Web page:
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Gary Oldman Talks Aging in Paolo Sorrentino’s ‘Parthenope’

Gary Oldman Talks Aging in Paolo Sorrentino’s ‘Parthenope’

Veteran actor Gary Oldman has touched on his own relationship with aging, as well as his path to sobriety while commenting on the evocative themes in Paolo Sorrentino’s Parthenope.

Sorrentino’s love letter to Naples, Parthenope follows a physically and intellectually captivating young woman, played by breakout star Celeste Dalla Porta, across decades as the film balances youth, freedom, and yearning against a backdrop of enchanting Neapolitans.

At the Cannes Film Festival‘s press conference for the film, Oldman was asked about his character, an aging American writer called John Cheever. “If there are any similarities and there are a few between me and Mr Cheever, to connect it directly to the movie… I have a stepson (in Italy) who is 16 and I’m sure he longs to be 18 and 21. You’re always wishing when you’re young, you actually wish away your youth to be older,” Oldman said. “There’s a saying, isn’t there, that we have one foot in the past, one foot in the future, and we piss on today. We are not in the moment.”

He touched on his own experience as a young man in the industry. “I’m the happiest I’ve been. I’m more comfortable now than I was in my skin when I was younger… There was chaos, pain and a lot of drama in my life when I was younger. It’s no secret that I used to drink and I just celebrated 20 years of sobriety.” (He said to audience applause.)

“Coming into this role, there are things that I instinctively understood. When Paolo said: ‘I want you to play the sad, melancholy, drunken poet,’ I went: ‘I kinda know what that is.’” The Slow Horses star also was asked about comments he made on his role in the Harry Potter franchise, which he attempted to explain.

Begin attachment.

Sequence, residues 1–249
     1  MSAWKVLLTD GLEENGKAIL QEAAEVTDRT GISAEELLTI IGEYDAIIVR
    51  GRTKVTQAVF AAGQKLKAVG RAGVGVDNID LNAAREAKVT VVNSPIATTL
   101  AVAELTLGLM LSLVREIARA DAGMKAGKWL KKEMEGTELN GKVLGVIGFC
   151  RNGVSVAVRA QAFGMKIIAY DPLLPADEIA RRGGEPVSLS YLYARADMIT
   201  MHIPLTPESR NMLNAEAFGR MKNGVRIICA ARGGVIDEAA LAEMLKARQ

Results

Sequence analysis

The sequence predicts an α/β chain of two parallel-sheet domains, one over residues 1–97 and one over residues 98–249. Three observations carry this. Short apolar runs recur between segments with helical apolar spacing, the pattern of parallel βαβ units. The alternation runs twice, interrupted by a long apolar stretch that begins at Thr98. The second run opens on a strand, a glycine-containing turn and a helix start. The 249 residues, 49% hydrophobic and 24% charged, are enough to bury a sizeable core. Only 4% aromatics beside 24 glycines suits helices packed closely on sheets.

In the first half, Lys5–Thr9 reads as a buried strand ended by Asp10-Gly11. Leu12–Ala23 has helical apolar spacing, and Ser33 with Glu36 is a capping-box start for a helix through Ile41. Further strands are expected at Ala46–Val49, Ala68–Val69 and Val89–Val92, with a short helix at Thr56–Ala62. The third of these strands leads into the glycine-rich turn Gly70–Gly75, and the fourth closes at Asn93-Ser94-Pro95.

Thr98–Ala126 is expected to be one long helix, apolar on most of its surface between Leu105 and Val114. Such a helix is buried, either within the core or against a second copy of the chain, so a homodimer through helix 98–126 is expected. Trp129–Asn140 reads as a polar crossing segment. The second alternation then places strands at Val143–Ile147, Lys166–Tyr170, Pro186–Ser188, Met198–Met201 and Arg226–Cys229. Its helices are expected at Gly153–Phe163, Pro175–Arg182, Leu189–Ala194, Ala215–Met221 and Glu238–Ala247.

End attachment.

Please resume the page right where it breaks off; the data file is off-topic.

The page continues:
Sorrentino wanted to capture the magnetic beauty of Naples, one that he confessed he finds himself drawn back to: “It’s a beautiful place for a certain stage of life, but then it might become less determinant and less important when you grow up. Many Neapolitan people, and I am amongst those, constantly go back to it and escape to it.”

Porta also wanted to comment on how making the film allowed her to confront Parthenope‘s emotions in her own life. “During the journey I made in making this film, it was as if I had to get rid of a younger side of me, that carefree one, and enter the world of grown-ups and focus on what I want to do in life.” Oldman backed this sentiment up: “I am, of 50 years of doing it, a veteran with experience and age and Celeste is a young actress whose life will change after this film and there is an innocence and purity that will be lost forever.”

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“Just by the fact that she is here and exposed to all of you people. In a way, you use what you can when you act, that dynamic between us as people, as actors, supported and nourished the poetic in the scenes.”

Read The Hollywood Reporter‘s full review of Paolo Sorrentino’s Parthenope here.

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